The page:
6 Jul 2015
One Good Tern Deserves Another: Social and Genetic Networks in a Huge Seabird Colony

BRANTA — Lucy Garrett

One Good Tern Deserves Another: Social and Genetic Networks in a Huge Seabird Colony

Institution: University of Birmingham, UK
Supervisors: Jim Reynolds, Julia Myatt, Jon Sadler, John Colbourne
Details: PhD 2017 (expected)
Subject Keywords: Social network analysis, sooty terns, Ascension Island, Army Ornithological Society, Seabird colony, animal behaviour, genetic networks
Species Keywords: Sooty tern Onychoprion fuscatus


Seabirds often gather in large communal groups to breed, which may have advantages such as predator protection, thermoregulation, foraging benefits and mate selection. Until recently our understanding of group structure and dynamics has been considered at the population or individual scale. Recent advances in technologies have increased our ability to investigate how relationships between individuals can influence group structure, and vice versa – how social interactions between individuals can be influenced by the behaviour of the group or population.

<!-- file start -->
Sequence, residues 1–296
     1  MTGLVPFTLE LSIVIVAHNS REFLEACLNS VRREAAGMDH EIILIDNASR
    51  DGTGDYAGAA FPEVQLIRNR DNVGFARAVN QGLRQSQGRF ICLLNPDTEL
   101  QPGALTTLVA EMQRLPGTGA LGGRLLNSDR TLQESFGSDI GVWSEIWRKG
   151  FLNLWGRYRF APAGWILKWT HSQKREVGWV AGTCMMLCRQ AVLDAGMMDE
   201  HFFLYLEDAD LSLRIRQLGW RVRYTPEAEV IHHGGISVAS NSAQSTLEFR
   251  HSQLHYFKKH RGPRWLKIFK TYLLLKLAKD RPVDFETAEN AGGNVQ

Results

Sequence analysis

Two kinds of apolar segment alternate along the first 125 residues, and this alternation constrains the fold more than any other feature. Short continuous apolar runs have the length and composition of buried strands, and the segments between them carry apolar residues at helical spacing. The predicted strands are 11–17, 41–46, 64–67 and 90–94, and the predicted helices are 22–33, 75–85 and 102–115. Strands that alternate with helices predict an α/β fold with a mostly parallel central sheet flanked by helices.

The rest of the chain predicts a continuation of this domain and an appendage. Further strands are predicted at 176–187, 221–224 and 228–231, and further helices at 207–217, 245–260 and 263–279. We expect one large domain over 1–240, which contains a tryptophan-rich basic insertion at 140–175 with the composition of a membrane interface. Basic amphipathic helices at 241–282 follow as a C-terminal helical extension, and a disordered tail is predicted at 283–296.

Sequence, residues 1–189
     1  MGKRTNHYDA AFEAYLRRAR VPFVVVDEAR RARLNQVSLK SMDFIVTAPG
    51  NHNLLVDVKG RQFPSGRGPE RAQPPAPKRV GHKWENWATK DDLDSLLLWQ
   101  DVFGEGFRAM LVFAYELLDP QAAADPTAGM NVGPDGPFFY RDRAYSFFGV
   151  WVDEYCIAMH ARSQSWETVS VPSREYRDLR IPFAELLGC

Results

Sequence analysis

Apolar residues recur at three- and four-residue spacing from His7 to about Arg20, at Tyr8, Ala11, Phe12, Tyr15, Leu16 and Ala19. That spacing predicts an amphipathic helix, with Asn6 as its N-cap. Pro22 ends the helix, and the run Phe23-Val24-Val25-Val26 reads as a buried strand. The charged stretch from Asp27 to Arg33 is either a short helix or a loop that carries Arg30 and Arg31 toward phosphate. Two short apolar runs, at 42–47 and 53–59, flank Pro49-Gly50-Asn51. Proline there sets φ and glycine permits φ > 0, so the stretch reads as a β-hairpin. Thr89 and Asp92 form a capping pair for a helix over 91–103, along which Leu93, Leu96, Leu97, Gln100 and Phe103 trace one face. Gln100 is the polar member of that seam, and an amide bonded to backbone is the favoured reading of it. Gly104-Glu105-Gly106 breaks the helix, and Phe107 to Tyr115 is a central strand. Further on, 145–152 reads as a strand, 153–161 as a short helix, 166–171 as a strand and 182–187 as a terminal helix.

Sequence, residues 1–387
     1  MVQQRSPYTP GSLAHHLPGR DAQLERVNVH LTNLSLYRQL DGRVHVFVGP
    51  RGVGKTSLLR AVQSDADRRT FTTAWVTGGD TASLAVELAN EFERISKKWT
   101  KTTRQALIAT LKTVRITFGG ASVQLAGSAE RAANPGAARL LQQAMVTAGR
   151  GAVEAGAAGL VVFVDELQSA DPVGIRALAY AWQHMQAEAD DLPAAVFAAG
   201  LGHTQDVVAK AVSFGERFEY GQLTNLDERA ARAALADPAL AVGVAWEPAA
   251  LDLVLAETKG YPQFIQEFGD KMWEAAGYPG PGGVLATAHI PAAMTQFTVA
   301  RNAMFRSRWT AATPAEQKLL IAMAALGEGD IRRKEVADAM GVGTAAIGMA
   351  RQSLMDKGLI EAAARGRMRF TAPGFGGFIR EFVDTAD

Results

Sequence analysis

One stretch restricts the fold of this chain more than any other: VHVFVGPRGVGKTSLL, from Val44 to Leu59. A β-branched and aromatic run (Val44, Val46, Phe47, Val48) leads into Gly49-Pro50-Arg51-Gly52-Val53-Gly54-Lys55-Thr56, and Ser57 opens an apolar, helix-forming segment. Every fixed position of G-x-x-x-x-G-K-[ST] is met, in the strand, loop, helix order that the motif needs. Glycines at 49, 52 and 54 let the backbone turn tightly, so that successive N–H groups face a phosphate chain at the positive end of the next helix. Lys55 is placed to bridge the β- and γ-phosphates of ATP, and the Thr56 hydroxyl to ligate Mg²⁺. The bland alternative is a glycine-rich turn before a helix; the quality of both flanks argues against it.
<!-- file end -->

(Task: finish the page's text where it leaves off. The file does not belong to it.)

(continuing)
In order to study changes in group stability, individuals within the group must be recognisable over time. This study focuses a population of Sooty Terns Onychoprion fuscatus that have been studied on Ascension Island since 1993. Over 25,000 birds have been ringed and 4,000 individuals re-trapped over a 23 year time period. This is a unique opportunity to study social and genetic networks at the individual, sub-group and population levels. Such data are rare and they will greatly improve our understanding of group structure at a range of scales over multiple seasons.
The project will involve the study of known individuals between seasons within the colony to investigate their spatial movements; social relationships; and genetic relationships through comparison with ‘neighbours’ in past, current and future breeding population structures.
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